|Scientific Name:||Sylvilagus dicei|
|Species Authority:||Harris, 1932|
|Taxonomic Notes:||There are no recognized subspecies for this species. Formerly, Sylvilagus dicei was included in S. brasiliensis (Hoffmann and Smith 2005).|
|Red List Category & Criteria:||Vulnerable B1ab(iii) ver 3.1|
|Assessor(s):||Mora, J.M. & Ruedas, L. and Smith, A.T.|
Sylvilagus dicei is not a well-known species, yet evidence suggests that in some portions of its range there are numerous potential threats. Thus, this species is possibly threatened due to its restricted range and invasive predators. It qualifies for Vulnerable B1 based on its extent of occurrence (EOO = 6,271 km²), few locations, and inferred continuing decline in quality of habitat.
|Previously published Red List assessments:|
|Range Description:||Sylvilagus dicei occurs in a limited range only in the Cordillera de Talamanca of Costa Rica and in western Panama (Reid 1997) at high elevations (above 1,640 m in Cervantes, Costa Rica, to 3,800 m in Cerro Chirropo, Costa Rica). It occurs to 1,180 m at Rancho de Rio Jimenez in Panama (Diersing 1981).|
Native:Costa Rica; Panama
|Range Map:||Click here to open the map viewer and explore range.|
|Population:||Very little is known about population status of Sylvilagus dicei.|
|Current Population Trend:||Decreasing|
|Habitat and Ecology:||Very little is known about the ecology of Sylvilagus dicei, but it is presumed to be similar to S. brasiliensis, of which S. dicei was formerly a subspecies (Reid 1997). This species is most abundant in the paramo grasslands (such as those in the Chirropo massif) but also occurs in the shrublands and oak cloud forests surrounding and associated with these high elevation ecosystems (Schipper pers. comm).|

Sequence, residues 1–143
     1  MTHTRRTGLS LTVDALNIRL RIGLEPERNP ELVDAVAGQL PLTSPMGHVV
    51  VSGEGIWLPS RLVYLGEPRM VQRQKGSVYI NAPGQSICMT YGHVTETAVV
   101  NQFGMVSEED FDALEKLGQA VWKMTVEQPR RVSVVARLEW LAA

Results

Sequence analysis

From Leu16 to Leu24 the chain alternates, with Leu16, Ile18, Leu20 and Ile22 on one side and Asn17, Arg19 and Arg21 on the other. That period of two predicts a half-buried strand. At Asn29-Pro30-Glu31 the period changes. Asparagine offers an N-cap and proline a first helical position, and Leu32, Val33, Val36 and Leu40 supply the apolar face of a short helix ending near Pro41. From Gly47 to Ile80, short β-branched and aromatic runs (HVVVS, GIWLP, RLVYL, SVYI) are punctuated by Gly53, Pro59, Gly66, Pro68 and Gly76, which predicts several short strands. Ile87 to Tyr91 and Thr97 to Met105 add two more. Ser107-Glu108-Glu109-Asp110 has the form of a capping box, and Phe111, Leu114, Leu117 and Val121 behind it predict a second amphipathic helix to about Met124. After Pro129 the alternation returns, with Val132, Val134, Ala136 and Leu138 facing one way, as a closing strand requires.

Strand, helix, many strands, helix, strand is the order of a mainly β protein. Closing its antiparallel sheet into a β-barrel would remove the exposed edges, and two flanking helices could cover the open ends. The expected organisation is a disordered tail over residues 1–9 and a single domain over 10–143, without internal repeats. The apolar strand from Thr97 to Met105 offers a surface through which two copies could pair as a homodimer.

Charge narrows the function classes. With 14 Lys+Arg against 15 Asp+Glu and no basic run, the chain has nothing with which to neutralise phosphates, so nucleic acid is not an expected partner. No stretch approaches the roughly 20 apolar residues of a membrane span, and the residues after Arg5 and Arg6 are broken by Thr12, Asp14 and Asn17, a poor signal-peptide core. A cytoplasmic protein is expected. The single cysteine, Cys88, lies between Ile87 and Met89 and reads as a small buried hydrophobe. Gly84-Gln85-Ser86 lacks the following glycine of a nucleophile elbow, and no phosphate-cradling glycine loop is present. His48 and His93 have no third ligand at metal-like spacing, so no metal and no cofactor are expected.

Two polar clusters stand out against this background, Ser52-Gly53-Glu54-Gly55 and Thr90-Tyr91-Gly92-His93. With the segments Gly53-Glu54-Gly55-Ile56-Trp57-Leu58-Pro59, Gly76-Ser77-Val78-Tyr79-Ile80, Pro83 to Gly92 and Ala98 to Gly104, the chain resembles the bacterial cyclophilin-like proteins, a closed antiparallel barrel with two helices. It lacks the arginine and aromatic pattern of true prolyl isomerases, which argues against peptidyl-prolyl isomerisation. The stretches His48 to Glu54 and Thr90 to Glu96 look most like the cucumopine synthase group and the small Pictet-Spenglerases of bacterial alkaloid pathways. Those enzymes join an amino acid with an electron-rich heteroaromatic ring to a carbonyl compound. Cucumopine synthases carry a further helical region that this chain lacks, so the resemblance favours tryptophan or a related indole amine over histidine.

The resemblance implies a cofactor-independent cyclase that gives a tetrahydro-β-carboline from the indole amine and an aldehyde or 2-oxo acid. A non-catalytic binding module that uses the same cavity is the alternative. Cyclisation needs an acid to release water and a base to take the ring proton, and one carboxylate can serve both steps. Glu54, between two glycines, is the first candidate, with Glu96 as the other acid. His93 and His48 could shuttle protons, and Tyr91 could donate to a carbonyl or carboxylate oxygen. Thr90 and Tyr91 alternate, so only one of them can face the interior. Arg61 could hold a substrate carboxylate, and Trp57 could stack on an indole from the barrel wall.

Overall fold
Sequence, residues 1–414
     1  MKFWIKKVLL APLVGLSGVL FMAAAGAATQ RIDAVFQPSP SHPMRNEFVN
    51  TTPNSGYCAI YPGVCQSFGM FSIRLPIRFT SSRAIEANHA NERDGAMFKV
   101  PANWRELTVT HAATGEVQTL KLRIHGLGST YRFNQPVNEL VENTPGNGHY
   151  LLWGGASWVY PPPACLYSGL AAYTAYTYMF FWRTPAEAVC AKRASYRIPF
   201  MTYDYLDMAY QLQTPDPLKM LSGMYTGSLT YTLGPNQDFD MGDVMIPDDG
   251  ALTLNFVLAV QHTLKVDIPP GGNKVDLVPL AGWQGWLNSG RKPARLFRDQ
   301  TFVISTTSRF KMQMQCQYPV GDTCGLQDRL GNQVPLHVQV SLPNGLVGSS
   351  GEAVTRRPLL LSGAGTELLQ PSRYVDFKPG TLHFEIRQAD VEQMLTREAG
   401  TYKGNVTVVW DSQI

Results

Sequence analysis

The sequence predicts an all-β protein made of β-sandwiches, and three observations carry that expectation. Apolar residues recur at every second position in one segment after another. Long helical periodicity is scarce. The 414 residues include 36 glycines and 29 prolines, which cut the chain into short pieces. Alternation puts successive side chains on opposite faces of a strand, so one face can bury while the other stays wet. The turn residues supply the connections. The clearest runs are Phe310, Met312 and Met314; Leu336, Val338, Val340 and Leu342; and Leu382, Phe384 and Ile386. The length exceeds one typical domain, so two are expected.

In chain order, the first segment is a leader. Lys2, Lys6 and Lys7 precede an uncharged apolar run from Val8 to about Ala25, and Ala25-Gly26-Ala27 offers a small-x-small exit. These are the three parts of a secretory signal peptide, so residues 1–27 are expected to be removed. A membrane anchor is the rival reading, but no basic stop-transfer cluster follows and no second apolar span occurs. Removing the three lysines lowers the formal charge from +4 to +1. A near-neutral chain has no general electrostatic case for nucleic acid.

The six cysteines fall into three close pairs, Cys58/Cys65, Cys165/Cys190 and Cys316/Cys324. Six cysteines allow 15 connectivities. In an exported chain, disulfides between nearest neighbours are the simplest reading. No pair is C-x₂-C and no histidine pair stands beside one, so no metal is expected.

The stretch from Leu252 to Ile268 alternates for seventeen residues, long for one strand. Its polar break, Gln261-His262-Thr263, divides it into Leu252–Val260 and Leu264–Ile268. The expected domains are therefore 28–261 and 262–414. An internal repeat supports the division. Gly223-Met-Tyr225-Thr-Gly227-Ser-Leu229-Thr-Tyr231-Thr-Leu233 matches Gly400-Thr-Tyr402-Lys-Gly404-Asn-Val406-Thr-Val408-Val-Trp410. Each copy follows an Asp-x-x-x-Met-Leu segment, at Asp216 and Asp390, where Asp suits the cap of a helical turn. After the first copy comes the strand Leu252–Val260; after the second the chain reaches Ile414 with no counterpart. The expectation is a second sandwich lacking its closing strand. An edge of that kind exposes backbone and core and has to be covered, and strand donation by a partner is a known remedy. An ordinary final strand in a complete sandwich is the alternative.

|Continuing decline in area, extent and/or quality of habitat:||Yes|
|Use and Trade:||Sylvilagus dicei was hunted until 2012, when this activity was outlawed in Costa Rica, however the species may still be hunted for game or subsistence in rural areas.|
Threats that currently affect Sylvilagus dicei are poorly known (Chapman and Ceballos 1990) as few people have studied it. During several camera-trap studies in the paramo, high elevation grasslands and cloud forests of the Chirropo massif, the species was found to be relatively abundant throughout the region based on photographic evidence and scats (Schipper pers. comm.). However, interviews with locals in the area suggest that the species was previously more common than it is today, and likely had a larger distribution that extended down to lower elevations (which have since been converted to cattle pasture and other agriculture). The following are potential threats for S. dicei in the Talamanca mountain region of Costa Rica (Schipper pers. comm.):
1. Coyotes - a non-native carnivore (natural range expansion south following cattle) and is likely the greatest consumer of S. dicei in the Talamancans. Probably less of a threat in forested areas, but in paramo and grassland their bones are in nearly every scat found.
2. Fire - lower elevations of Talamanca are burned annually for range control, but the paramos burn periodically and completely over large areas (also human caused - accidental and intentional). This likely has a short term effect by removing forage and a longer term effect by removing hiding places.
3. Habitat loss - coupled with fire is the reduction of forest habitat along the lower reaches of the species' range. This has the effect of range contraction, as it is already limited entirely to the Montane forest areas, which are being logged and cleared for pasture right up to the park border.
4. Mesocarnivore population explosions - along the contact zone with S. dicei and humans there is intensive hunting of large mammal fauna, which has the indirect effect of increasing the number of mesocarnivores (coyotes, tayra, and other rabbit predators).
|Conservation Actions:||A status survey is needed for Sylvilagus dicei. Owing to a lack of knowledge about the species it is recommended that research be conducted on population, biology/ecology, threats, and use.|
|Citation:||Mora, J.M. & Ruedas, L. and Smith, A.T. 2016. Sylvilagus dicei. The IUCN Red List of Threatened Species 2016: e.T21209A45180947.Downloaded on 24 January 2017.|
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